Nothing says summer like a good BBQ. At Anticancer Lifestyle, we recommend a plant-based diet. However, if you are going to eat meat we recommend choosing and cooking your meats carefully so you don’t unwittingly cause more inflammation in your body and produce unnecessary toxins while grilling. Here is a handy guide to choosing animal meats by the Anticancer Lifestyle Program Registered Dietitian Crystal Cascio.
How to choose animal meats
Choose animal meats from animals that have been raised the way nature intended, with access to the outdoors. Grass-fed beef has a higher amount of beneficial omega-3 fats when compared to conventional beef. Organically produced meats and dairy have been shown to have higher levels of omega-3 fats when compared to conventional counterparts.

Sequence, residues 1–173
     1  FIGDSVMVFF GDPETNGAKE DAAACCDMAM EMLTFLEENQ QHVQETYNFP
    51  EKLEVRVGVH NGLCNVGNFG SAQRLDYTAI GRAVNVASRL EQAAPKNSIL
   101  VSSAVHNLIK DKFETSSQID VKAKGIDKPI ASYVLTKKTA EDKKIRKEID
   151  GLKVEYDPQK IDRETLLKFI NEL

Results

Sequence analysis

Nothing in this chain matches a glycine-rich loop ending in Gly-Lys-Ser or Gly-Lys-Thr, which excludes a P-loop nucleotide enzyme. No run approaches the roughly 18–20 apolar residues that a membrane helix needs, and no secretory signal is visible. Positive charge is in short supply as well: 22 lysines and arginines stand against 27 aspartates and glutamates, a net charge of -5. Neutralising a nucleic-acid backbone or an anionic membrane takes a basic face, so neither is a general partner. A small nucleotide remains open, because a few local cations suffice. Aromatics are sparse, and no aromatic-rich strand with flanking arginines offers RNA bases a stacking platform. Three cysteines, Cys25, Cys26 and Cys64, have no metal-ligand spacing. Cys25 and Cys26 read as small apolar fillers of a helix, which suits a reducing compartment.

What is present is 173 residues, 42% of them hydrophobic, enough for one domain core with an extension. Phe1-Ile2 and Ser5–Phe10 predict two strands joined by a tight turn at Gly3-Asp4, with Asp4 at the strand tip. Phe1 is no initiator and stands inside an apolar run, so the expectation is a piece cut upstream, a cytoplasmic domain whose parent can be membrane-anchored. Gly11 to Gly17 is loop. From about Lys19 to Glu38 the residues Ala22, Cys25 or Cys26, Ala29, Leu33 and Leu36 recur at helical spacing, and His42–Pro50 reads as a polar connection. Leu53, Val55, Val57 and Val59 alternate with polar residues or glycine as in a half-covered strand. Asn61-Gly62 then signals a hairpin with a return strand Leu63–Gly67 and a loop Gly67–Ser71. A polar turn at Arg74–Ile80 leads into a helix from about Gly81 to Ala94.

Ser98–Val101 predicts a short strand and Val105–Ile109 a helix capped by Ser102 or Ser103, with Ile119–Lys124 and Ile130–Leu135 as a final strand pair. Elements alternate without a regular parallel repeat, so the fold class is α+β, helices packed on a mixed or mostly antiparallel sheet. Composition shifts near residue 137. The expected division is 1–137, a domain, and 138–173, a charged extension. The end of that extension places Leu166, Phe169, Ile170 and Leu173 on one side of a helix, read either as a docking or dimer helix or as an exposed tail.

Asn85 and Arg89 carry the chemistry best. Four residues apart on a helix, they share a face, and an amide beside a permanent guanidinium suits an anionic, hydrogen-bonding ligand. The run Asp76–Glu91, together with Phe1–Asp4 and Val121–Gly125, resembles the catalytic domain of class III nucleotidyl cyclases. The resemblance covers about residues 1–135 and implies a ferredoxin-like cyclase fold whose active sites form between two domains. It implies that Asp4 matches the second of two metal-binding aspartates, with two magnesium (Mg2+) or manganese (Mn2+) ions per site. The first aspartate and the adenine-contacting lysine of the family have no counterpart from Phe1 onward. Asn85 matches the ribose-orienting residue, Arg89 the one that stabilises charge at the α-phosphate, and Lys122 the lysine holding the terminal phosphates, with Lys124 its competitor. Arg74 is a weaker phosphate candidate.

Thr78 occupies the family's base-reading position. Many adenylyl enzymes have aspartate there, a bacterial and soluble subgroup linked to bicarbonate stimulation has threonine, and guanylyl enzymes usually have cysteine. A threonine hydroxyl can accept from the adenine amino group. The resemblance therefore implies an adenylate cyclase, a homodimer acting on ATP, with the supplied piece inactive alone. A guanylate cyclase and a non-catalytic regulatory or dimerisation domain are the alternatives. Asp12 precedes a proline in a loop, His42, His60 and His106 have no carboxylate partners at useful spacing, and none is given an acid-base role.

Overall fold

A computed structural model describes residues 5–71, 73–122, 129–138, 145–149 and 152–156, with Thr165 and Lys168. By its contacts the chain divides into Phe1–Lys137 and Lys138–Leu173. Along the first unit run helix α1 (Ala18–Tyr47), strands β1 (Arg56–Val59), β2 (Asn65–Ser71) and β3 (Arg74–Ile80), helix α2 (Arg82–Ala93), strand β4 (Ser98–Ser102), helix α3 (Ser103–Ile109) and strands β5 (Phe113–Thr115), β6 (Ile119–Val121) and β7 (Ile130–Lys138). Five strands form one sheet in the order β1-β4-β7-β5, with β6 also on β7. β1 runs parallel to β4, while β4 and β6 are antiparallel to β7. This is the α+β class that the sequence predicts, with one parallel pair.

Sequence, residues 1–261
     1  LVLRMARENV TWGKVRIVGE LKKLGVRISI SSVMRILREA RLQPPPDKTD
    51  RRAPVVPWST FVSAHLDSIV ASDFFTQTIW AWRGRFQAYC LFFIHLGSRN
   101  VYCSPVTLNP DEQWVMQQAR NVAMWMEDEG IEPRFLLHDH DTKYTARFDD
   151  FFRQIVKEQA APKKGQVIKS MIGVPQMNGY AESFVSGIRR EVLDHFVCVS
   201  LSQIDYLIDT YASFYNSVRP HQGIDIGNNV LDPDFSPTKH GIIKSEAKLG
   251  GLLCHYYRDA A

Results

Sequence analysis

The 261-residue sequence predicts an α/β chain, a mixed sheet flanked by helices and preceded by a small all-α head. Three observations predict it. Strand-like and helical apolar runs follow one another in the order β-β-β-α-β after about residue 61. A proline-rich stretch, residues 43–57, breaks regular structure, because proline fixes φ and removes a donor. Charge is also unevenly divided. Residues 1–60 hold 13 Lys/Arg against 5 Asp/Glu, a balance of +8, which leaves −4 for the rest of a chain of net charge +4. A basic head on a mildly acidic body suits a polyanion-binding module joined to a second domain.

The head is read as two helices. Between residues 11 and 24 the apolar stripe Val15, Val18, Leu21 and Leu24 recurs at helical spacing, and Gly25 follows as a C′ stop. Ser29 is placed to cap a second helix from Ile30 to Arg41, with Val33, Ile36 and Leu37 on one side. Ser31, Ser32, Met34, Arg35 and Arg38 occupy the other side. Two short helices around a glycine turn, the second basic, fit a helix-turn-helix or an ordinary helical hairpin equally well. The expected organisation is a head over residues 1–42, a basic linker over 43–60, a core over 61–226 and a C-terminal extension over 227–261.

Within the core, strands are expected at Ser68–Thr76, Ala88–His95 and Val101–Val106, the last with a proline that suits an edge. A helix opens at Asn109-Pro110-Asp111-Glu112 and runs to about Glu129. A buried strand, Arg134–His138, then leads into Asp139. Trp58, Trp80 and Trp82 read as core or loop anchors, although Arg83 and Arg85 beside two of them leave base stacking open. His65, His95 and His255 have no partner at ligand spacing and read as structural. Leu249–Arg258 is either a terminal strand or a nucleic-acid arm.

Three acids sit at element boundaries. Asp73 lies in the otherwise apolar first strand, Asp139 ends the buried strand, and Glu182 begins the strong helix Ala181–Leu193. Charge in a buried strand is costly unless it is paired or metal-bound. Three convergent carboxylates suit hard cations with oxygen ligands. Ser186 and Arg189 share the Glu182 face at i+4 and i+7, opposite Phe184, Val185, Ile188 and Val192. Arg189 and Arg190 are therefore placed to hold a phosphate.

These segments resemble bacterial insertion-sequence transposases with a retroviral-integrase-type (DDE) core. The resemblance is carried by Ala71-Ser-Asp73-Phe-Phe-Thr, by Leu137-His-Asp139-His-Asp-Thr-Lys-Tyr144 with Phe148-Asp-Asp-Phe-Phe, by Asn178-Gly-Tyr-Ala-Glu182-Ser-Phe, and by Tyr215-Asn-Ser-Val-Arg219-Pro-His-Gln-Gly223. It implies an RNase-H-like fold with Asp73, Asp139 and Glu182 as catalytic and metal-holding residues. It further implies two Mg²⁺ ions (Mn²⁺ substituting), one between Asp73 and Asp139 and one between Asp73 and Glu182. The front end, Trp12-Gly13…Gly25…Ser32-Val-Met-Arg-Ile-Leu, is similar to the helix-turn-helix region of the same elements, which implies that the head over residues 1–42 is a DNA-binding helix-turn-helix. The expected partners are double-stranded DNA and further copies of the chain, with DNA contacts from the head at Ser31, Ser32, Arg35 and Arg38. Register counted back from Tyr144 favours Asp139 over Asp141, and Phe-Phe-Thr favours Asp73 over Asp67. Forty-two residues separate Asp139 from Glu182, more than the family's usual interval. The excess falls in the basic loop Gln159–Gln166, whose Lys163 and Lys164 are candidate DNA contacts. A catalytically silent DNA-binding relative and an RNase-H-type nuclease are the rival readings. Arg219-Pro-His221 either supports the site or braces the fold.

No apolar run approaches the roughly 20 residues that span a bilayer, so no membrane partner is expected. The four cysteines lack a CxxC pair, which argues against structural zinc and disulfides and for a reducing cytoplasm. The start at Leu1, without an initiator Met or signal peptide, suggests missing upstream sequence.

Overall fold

Cook animal meats at low temperatures as high temperatures produce more pro-inflammatory chemicals such as heterocyclic amines (HCAs) and polycyclic aromatic hydrocarbons. These have been shown to cause cancer in animal models. Though a direct link to cancer in humans has not been established, epidemiological studies (meaning studies of large populations) have found strong associations between increased consumption of meat cooked well-done or grilled, and cancer.
How to cook animal meats
Marinating meat prior to cooking can reduce heterocyclic amines (HCAs), so consider marinating, mixing or rubbing meat with any of the following prior to cooking: olive oil, cider vinegar, garlic, mustard, lemon juice, salt, herb and spice rubs, homemade sauces, onions or red wine. Removing skin before cooking chicken reduces HCA production significantly.
To learn more about how to choose foods that promote an anti-inflammatory diet, please download our latest eBook, The Anti-Inflammatory Diet.
How to choose veggie burgers
If you want to make veggie burgers, please see our latest Black Bean Burger recipe by the Anticancer Lifestyle Chef and Nutritionist Ananda Kaplan here.